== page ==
January Book Reviews

The Paris Wife

Ernest Hemingway is a well-known author. His books are often listed with the classics and his book, The Old Man and The Sea has even been on High School required reading lists. But even more fascinating than his books, is his life.


Hemingway is known for having four marriages, three of which failed. He’s also known for his drinking habit, his love of boxing and bull fighting, and his love/hate relationship with war.

One of his books, A Moveable Feast, is a memoir of his time in Paris before he made it big with his writing. He was married to his first wife, Hadley Richardson. The Paris Wife by Paula McLain takes the details from A Moveable Feast and asks, “What was life like for Hadley during those years?”


The result is a beautiful, but heartbreaking story of Hemingway’s first marriage from the point of view of Hadley. This story captures Hemingway the writer as he struggles to see success with his writing through the eyes of his wife, who has her own struggles trying to support her husband in a world where marriage is frowned upon, and fashion is everything.


As Hemingway begins to sell his writing, Hadley worries she will no longer be enough for Ernest. For a wife who’s given up everything she knows and is comfortable with in order to support her husband and make him the center of her world, she begins wondering what will happen to her.


But Hadley makes the choice to find herself again and discovers she has more strength than she ever thought. After her marriage ends, she is able to heal and move on and find her own success.


This book is a beautiful tribute to Hemingway’s first wife and if you enjoy anything about the life of Ernest, whether it’s his writing, or his life, I think you’ll enjoy this book.




Intercessory Prayer by Dutch Sheets

I was a little overwhelmed when I finished reading this book because I could see a better picture of why prayer is so important. But the magnitude of things in the world that need praying for kept coming to mind and it was overwhelming.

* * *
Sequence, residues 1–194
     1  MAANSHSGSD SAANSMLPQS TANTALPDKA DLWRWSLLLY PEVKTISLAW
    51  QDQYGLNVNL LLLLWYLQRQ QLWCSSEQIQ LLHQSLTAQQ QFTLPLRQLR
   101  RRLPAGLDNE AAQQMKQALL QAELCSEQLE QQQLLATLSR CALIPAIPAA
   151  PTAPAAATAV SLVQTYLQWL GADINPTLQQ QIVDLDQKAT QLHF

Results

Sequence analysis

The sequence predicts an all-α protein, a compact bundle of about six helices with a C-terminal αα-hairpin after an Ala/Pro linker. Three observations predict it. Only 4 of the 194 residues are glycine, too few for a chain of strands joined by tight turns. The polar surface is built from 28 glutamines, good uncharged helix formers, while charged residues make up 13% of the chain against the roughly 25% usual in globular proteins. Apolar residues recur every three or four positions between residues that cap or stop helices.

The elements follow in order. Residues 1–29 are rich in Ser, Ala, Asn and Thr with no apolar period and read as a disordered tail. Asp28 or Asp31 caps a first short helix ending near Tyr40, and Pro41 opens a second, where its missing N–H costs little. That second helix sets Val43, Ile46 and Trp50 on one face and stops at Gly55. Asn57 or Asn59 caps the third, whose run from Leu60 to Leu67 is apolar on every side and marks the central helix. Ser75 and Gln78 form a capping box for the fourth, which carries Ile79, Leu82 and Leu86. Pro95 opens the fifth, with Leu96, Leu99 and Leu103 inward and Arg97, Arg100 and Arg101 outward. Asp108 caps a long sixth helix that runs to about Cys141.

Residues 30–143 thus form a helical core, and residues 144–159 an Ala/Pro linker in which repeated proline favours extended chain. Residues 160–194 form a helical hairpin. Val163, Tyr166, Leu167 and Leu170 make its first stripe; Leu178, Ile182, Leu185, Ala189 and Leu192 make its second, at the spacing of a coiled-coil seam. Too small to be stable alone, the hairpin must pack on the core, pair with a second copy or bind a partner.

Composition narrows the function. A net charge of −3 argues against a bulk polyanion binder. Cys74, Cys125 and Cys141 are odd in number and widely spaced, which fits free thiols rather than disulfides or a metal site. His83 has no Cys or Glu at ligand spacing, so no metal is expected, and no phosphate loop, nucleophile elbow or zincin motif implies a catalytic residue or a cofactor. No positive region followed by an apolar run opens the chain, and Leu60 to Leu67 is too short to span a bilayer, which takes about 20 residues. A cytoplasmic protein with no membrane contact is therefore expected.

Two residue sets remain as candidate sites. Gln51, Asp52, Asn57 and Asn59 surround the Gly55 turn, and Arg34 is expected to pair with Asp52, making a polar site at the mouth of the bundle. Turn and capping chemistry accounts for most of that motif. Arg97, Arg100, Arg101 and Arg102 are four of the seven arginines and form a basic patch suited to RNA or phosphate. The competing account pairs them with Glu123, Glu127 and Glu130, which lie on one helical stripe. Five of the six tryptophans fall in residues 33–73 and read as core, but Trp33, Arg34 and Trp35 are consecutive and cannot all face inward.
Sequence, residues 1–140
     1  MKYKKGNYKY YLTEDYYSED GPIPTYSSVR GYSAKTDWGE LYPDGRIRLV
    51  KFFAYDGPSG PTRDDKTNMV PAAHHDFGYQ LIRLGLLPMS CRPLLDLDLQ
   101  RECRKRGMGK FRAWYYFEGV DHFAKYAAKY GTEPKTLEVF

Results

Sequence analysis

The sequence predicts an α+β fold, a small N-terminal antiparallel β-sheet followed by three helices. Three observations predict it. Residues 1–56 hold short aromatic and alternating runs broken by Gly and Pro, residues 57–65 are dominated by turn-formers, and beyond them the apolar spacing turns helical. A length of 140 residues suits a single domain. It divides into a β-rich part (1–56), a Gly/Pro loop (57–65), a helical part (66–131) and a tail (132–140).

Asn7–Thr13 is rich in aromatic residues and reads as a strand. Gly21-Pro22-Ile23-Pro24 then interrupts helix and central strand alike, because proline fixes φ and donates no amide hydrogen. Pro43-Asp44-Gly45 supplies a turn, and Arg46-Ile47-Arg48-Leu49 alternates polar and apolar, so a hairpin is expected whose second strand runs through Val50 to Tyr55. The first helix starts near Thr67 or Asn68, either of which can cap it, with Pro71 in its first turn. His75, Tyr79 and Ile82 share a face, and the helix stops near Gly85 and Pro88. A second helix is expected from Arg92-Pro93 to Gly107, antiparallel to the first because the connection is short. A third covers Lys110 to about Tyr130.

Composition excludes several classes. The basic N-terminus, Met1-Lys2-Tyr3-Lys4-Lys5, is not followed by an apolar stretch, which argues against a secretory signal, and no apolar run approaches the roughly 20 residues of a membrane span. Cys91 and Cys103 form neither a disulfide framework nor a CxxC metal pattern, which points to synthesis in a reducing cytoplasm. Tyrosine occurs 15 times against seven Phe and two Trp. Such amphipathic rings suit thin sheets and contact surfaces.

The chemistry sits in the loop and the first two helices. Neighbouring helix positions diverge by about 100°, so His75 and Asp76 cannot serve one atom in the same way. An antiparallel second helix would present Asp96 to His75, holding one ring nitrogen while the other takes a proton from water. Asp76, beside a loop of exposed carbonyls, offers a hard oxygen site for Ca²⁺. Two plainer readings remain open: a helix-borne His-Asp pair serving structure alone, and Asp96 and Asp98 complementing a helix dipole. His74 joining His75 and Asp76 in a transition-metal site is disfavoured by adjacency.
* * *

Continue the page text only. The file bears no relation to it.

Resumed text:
But while I was reading it, I was encouraged. Encouraged to take a look at my prayer life and see where I can improve, where I can apply the new things I learned, and how I could make my prayer time more effective. And I’ve started putting those things into practice. I feel a little bit like I’m bumbling around, a little unsteady on my new prayer legs, but I feel better about my prayer life. Like my prayers are actually making a difference, like I’m not just being heard, but I’m asking for God’s will to be done on earth as it is in heaven. And that feels good.


As for the book itself, it was a little dry in places. Some of the chapters seemed really long and I often I would get halfway through the chapter and start counting pages because my eyes were starting to glaze over and I was rereading sentences. But that was only sometimes.


There were some really good stories in there that I enjoyed reading that really brought the point across that the author was trying to make. There were also some humorous bits too, which was nice to stumble on every now and then and breathed new life into my willingness to continue reading.


I gave this book four stars because the information contained inside is fantastic. I learned a lot. But it was a little dry and took me a little longer to read. However, I would recommend it if you’re wanting to learn more about intercessory prayer because there are a lot of Bible verses to back up what he says, that he includes in the books and he explains it in a very logical way.

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